Jordan Strauss, Invision, Associated Press
Dax Shepard and Kristen Bell arrive at the 2014 Film Independent Spirit Awards, on Saturday, Mar. 1, 2014, in Santa Monica, Calif.

Popular entertainment outlets such as People magazine, "Entertainment Tonight" and the "Today Show" have pledged to stop publishing photos of stars' children without parental consent because of a new movement led by celebrity couple Kristen Bell and Dax Shepard.

"I don't want strange men violating my child for money," Bell told "Entertainment Tonight." She explained that celebrities have difficulty taking their children anywhere because of the paparazzi. "Running red lights, honking, screaming stuff out the window — it’s a James Bond movie where you are actually being hunted. It’s not OK when there’s kids around," said Bell.

Bell and Shepard said many of their celebrity friends, including Ben Affleck, Jennifer Aniston, Bradley Cooper, Michelle Williams, Amy Adams, Katie Holmes and Scarlett Johansson (who does not have kids), would boycott celebrity news outlets that do not agree to a "no kids" policy, reports the Washington Post.

Bell and Shepard are not the only celebrities that have led crusades against the "pedorazzi." In September 2013, California Gov. Jerry Brown signed an anti-paparazzi bill that was written to protect celebrity children.

Actresses Jennifer Garner and Halle Berry spoke in support of the bill before it became law. "(The paparazzi) are allowed to be so close to (my daughter) that they can shout obscenities to me and ask her questions that are inappropriate for a 5-year-old to have to answer," Berry said in front of a California Assembly Committee, according to the Sacramento Bee.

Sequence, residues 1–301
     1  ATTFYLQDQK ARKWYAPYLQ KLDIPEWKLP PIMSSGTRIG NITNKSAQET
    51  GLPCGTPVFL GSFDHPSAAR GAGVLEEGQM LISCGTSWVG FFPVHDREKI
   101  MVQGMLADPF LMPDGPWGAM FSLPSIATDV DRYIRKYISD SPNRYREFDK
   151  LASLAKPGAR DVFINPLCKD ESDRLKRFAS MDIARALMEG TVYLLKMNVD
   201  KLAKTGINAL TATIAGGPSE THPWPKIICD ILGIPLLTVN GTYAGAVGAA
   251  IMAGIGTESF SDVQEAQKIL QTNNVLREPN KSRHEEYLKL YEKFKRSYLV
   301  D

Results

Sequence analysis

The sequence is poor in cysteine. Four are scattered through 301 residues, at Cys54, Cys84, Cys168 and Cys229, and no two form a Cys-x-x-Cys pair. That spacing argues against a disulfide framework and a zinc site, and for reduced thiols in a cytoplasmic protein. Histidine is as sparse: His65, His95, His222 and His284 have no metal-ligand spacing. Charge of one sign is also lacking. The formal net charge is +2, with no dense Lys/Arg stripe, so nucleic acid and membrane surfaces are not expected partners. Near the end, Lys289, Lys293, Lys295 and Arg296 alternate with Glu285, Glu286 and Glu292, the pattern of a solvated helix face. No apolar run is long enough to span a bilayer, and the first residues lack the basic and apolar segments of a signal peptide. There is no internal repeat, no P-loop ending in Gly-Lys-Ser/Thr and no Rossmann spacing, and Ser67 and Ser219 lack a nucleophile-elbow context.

However, Bell and Shepard's campaign is different from prior famous parents' efforts because when entertainment sources adhere to the "no kids" photo policy, they remove the paparazzi's motivation to snap photos of celebrities' kids for money, explained Emily Yahr at the Washington Post.

People's editorial director Jess Cagle said her magazine was signing on to the policy because they sympathize with celebrity parents' desire to protect their children.

However, Cagle added this caveat: "We have no interest in running kids' photos taken under duress. Of course, there may be rare exceptions based on the newsworthiness of photos. And there's always the tough balancing act we face when dealing with stars who exploit their children one day and complain about loss of privacy the next."